The moral high ground sought to be occupied and evangelistic notions of saviours of virtue and tradition of these vigilante groups was mirrored by media reports of their attacks. For instance, headlines in newspapers routinely referred to ‘dharmadetu’ and said those attacked should be happy they were getting ‘free’ education into religious principles and values! In another instance, when a raid by the local wings of the Durga Vahini and Bajrang Dal (Hindu fundamentalist organisations for women and men respectively) took place in a pub where some girls were found smoking, the headline and copy stressed that the smokers were ‘rescued’.

On lack of opposition to these attempts

The media’s role is deeply disturbing and attempts to discuss biased media coverage with colleagues have been completely futile, with sharp divides between journalists who aligned with one religious group or the other. Moreover, with the spread of the Hindutva agenda into villages and rural areas, it became even more difficult.

Muslim or Christian groups did try to counter the rise of Hindu fundamentalism and there were some attempts to bring in their own brand of fundamentalism, but these efforts were negligible and largely ineffectual.

On whether media promotes communalism to sell

In Mangalore, there was a definite increase in the number of television channels and in the print media. But I wouldn’t go so far as to say the media was using communalism to sell.

The media support for communal elements was not linked to TRPs or the selling of dramatic attacks of one community over the other. The media’s ideological support for the perpetuators of such attacks was very strong and most disturbing.

During the Church attacks of 2008, a photographer of a leading newspaper, actually snatched a lathi from a policeman present and began beating up the nuns present…

How jail gave him a new perspective

Being in jail was a huge learning experience for me because I experienced how cases can be fabricated and innocent people can be jailed. For years, I covered crime and I believed the police accounts of any incident. But I found that what I reported was contrary to reality. I was actually working as a police informer, not a journalist.

I want to change this way of practicing journalism. I want to start being a people’s informer.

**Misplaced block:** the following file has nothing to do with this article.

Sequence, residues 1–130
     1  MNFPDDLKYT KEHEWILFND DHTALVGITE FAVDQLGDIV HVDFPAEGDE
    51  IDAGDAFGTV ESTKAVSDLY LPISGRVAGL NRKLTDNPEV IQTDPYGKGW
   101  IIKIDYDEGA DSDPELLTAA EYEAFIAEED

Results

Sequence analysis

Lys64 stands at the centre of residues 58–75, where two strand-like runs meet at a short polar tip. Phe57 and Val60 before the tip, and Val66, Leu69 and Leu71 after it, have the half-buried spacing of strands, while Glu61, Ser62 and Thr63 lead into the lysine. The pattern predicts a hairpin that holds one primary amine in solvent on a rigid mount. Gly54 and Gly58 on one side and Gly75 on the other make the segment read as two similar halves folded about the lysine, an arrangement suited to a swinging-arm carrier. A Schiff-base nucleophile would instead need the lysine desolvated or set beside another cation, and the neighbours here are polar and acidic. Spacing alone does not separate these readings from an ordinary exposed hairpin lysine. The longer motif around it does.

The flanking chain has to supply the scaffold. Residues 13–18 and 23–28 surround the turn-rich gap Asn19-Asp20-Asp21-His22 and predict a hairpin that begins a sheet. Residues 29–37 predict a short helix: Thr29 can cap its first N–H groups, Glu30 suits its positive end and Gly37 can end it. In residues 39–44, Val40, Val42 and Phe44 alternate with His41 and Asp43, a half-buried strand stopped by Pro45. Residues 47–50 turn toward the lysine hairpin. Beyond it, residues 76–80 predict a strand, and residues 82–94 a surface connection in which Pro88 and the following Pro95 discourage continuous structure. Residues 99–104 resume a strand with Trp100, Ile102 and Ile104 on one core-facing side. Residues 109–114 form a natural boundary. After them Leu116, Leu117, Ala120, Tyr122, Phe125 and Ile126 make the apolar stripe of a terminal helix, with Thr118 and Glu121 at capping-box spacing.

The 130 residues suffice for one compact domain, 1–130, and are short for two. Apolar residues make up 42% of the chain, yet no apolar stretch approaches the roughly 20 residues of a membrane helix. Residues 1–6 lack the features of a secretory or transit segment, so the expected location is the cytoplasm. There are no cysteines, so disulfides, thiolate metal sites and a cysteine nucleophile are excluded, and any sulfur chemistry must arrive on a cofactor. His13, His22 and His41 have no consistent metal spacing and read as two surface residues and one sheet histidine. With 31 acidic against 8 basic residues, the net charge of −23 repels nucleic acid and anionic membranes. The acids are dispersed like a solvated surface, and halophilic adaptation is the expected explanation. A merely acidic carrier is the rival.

The turning point was when I met a man accused of being a chain-snatcher in the sub-jail I was lodged in. I remember that the police announced that they had caught a very ‘big’ chain-snatcher who had several cases against him. Police said he used to snatch gold chains of women and run away. Police said they caught him red-handed when he was running away after robbing someone. All of us, me included, had covered the story.

To his surprise, when I met the same man in jail, he found that the man was disabled and had only one leg. Soorinje recalled that police had released photographs of the man and even uploaded the mug shots on their website but these were shots upto his waist. If a full-length photo was taken of the man, journalists would definitely ask police how the man ran away so fast on one leg!

Newspapers are so full of crime news and a closer reading would reveal that they are just police handouts. All it takes is for a journalist to do some extra legwork and meet the family of the accused or find out more information than that given by the police.

The stint in jail has only strengthened my resolve to become a better journalist. While I am all set to fight my case, I am also mentally prepared to go to jail and face a prison term.


(Note: While Soorinje understands English and Hindi, he replied to questions in Kannada and journalist Imran Khan translated the replies. Many thanks to him.  All efforts were made to ensure that nothing was lost in translation but errors, if any, are my responsibility).